Read: Path of the Puma

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Loved it. Both hopeful and crushing. At the root of all animal issues lies the one species who never seems to get it right. Humans. Two years ago I rode around a ranch property with the owner. We talked about water, snowpack, weather patterns, cattle, etc. About halfway through our little voyage, he said “Obama is the root cause of all evil in the world.” I asked, “Really, how has he impacted your life?” “Well, for one,” he said. “The Endangered Species Act.” How he attributed this act to Obama is a mystery to me, and speaks to political radicalization more than anything else, but I played along. “Oh, got it,” I said. “So this must really impact you here at the ranch.” “Yes, for sure,” he said. “How?” I asked.

This is where things went south. “Well, ahhhh, well, ahhh, wolves for one,” he answered. “Wolves?” I asked. “Really?” “I was under the assumption that based on where we are sitting right now the closest wolf was at least five hundred miles from here.” (They do wander a fair amount but NOBODY had reported wolves in this area for the past fifty years.) “How many livestock have you lost to wolf kill?” I asked. He looked perturbed. “None,” he answered.

There are too many of us and we are continuing to encroach on the natural habitat of all kinds of creatures, the mountain lion, also known as the puma, is among them. But there is hope. Cat numbers are solid and actually growing in certain areas. Due to climate change and encroachment, the range of the mountain lion, the fourth largest cat on the planet, is expanding.

Jim Williams lives the life I dreamt of living before I got derailed by the evil that is photography. Path of the Puma, a Patagonia book, is a wonderful run through the parallel lives of Williams and the giant cats he so adores and so understands. The book is also beautifully illustrated. Why on Earth do more authors not include such incredible imagery? This style of book, an illustrated, personal, scientific read is such a pleasure to consume. I attribute the overall design to the folks at Patagonia who understand the visual side of science.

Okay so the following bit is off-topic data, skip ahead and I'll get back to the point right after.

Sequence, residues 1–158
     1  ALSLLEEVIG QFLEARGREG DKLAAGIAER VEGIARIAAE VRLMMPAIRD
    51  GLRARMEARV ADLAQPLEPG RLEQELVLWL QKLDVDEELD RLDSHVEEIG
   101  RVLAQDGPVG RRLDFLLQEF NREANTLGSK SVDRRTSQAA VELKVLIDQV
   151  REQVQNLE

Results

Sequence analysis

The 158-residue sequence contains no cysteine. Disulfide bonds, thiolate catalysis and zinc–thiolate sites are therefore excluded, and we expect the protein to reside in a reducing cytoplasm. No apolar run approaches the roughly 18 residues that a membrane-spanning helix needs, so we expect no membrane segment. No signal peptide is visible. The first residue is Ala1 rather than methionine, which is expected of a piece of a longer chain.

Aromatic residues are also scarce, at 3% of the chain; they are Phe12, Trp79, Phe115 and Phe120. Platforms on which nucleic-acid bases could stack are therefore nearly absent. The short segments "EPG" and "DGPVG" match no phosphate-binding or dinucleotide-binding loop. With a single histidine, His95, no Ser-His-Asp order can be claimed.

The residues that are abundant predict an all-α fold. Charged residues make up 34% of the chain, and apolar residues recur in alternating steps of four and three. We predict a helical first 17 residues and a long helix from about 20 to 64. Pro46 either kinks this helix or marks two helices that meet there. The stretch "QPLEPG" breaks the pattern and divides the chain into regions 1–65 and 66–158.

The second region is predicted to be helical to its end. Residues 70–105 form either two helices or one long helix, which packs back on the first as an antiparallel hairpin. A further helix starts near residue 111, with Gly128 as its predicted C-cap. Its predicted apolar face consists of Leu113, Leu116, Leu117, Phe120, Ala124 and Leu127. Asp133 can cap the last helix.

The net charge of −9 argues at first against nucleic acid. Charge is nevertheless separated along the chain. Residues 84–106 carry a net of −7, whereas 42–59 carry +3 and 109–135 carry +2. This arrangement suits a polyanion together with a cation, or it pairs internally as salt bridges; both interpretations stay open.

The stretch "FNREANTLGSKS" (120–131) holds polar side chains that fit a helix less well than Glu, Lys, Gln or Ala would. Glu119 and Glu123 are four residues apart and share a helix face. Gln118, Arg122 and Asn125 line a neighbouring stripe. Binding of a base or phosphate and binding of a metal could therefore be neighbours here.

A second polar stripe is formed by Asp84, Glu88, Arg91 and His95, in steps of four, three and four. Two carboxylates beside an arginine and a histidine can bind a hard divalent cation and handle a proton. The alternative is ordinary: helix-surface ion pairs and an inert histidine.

For any of us who have spent time in the wild, we have all been under the gaze of a big cat at one point or another. Humans fear what they see, so things like the grizzly bear haunt our subconscious when we venture into “bear country.” But the cats are there as well only they remain hidden, unseen for the most part, and because of this, they are able to survive.

Get it, read it.

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  1. I will definitely read this. Partly because mountain lions give me a bit of a fright. They will stalk your ass. There was a sad story here in Washington a couple of years ago about a mountain lion that stalked two bikers and killed one of them. I think the cat was pretty ill. Incredible, majestic animals.

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      Happened in Orange Count as well. Typically it means they were off or starving. We don’t fit their natural patterns or taste.

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